Some reporters have speculated about the impact of the "Limbaugh effect" -- partisan Republicans crossing over to vote fr Hillary Clinton solely to help weaken the Democrats against John McCain. The sieze of the effect is hard to measure. But there is one numerical measurement, first pointed out to me by the Pew Survey's Richard Auxier following the Pennsylvania primary, that gives some sense of it.
One exit poll question asks Indiana voters who they would support in a Clinton-McCain contest. 17% of them say McCain. Of those voters, 41% say they would vote for McCain over Clinton. In other words, these voters, 7% of the Indiana electorate, voted for Clinton in the primary but have no intention of supporting her in the fall.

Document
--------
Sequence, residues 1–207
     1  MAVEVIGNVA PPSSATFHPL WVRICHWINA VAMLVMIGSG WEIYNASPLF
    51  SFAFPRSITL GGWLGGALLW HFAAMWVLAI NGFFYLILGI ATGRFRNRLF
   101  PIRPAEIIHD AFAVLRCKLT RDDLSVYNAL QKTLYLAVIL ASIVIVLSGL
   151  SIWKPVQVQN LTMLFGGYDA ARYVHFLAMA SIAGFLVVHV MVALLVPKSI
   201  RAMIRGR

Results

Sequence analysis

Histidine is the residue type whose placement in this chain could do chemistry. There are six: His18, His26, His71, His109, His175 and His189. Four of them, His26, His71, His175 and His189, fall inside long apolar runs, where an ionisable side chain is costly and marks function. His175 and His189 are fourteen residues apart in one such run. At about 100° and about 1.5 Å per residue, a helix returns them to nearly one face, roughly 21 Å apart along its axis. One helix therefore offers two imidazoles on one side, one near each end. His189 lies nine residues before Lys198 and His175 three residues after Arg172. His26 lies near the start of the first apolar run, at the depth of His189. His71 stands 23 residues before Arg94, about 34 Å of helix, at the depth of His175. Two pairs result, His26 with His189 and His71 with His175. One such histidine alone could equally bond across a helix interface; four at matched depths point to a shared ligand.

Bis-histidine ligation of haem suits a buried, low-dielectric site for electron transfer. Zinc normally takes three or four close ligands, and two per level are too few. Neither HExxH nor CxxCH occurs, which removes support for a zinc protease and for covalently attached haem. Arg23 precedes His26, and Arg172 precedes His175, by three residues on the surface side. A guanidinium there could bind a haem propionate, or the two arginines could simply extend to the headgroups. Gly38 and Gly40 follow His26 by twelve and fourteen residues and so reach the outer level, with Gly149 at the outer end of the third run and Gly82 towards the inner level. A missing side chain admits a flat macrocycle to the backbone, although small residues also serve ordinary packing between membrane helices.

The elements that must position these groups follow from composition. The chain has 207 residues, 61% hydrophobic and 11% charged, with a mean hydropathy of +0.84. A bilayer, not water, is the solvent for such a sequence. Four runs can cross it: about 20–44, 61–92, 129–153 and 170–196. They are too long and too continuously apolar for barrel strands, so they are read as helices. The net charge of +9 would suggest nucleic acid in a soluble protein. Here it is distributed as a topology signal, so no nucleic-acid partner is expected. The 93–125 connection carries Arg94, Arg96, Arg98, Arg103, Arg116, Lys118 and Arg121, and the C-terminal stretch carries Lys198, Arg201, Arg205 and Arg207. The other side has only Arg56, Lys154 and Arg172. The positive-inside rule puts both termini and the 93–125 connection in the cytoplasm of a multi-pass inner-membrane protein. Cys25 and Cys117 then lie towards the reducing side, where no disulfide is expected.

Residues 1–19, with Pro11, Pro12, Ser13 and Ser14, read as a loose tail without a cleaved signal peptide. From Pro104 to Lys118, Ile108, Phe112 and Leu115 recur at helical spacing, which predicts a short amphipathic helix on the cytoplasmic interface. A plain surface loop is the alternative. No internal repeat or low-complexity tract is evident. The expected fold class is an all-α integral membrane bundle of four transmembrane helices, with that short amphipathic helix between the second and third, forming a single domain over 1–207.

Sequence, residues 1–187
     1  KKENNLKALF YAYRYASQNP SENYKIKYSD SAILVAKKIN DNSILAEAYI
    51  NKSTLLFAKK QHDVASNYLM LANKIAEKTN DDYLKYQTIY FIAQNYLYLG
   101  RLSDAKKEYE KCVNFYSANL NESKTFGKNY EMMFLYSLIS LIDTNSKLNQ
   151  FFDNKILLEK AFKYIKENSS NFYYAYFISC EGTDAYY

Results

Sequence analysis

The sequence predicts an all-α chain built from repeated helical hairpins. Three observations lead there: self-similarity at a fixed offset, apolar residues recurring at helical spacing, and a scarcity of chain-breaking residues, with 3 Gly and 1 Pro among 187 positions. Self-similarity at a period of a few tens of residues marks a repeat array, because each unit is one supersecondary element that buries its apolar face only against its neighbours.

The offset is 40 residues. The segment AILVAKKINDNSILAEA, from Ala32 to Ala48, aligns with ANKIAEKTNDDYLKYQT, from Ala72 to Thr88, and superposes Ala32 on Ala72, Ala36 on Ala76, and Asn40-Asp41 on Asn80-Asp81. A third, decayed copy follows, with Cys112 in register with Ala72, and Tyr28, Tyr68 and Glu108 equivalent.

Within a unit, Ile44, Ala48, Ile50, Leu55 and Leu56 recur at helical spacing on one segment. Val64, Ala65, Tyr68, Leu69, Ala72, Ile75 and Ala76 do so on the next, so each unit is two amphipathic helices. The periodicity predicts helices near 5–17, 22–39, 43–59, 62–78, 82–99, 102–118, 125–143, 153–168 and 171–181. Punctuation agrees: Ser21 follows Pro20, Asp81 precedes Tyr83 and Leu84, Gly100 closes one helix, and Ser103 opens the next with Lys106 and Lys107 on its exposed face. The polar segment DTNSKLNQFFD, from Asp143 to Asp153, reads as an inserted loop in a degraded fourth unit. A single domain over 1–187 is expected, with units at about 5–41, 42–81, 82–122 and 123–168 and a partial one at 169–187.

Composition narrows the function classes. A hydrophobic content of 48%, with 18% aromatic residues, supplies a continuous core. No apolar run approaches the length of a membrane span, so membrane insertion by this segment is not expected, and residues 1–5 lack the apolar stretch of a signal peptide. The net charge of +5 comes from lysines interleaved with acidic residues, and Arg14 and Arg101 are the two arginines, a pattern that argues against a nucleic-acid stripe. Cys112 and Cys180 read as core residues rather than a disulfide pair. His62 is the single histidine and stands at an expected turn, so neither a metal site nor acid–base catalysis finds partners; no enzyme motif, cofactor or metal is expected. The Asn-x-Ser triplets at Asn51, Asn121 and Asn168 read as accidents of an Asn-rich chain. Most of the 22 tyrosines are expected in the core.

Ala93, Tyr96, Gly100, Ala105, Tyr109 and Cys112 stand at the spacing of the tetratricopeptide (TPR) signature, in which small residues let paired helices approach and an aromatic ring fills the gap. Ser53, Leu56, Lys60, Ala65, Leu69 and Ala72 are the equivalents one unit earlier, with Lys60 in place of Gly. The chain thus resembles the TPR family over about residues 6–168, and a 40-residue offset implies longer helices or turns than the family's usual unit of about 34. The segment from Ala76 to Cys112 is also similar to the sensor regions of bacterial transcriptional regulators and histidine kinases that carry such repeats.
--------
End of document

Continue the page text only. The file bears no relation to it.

Now, this isn't a precise measure of the "Limbaugh effect" -- no doubt there are some Republicans who backed Obama in the primary out of anti-Clinton sentiment, but plan to vote for McCain in November. But it is a good place to start when making a ballpark estimate. And it's a sizeable number -- 7% may wind up being as big as her margin of victory.
Update: On MSNBC, Keith Olbermann and Norah O'Donnell were discussing the Limbaugh effect. They showed -- I'm going from recall here -- that 11% of Indiana voters were Republicans, Clinton carried them 56-42%, but 63% thought Obama would be a stronger nominee against McCain. Somehow they decided that this proved the Limbaugh effect was negligible. I have no idea how they got that conclusion -- it doesn't prove anything at all -- but Olbermann has been looking for ways to belittle Limbaugh. I propose that political pundits be forced to take a course in high school statistics before going on the air.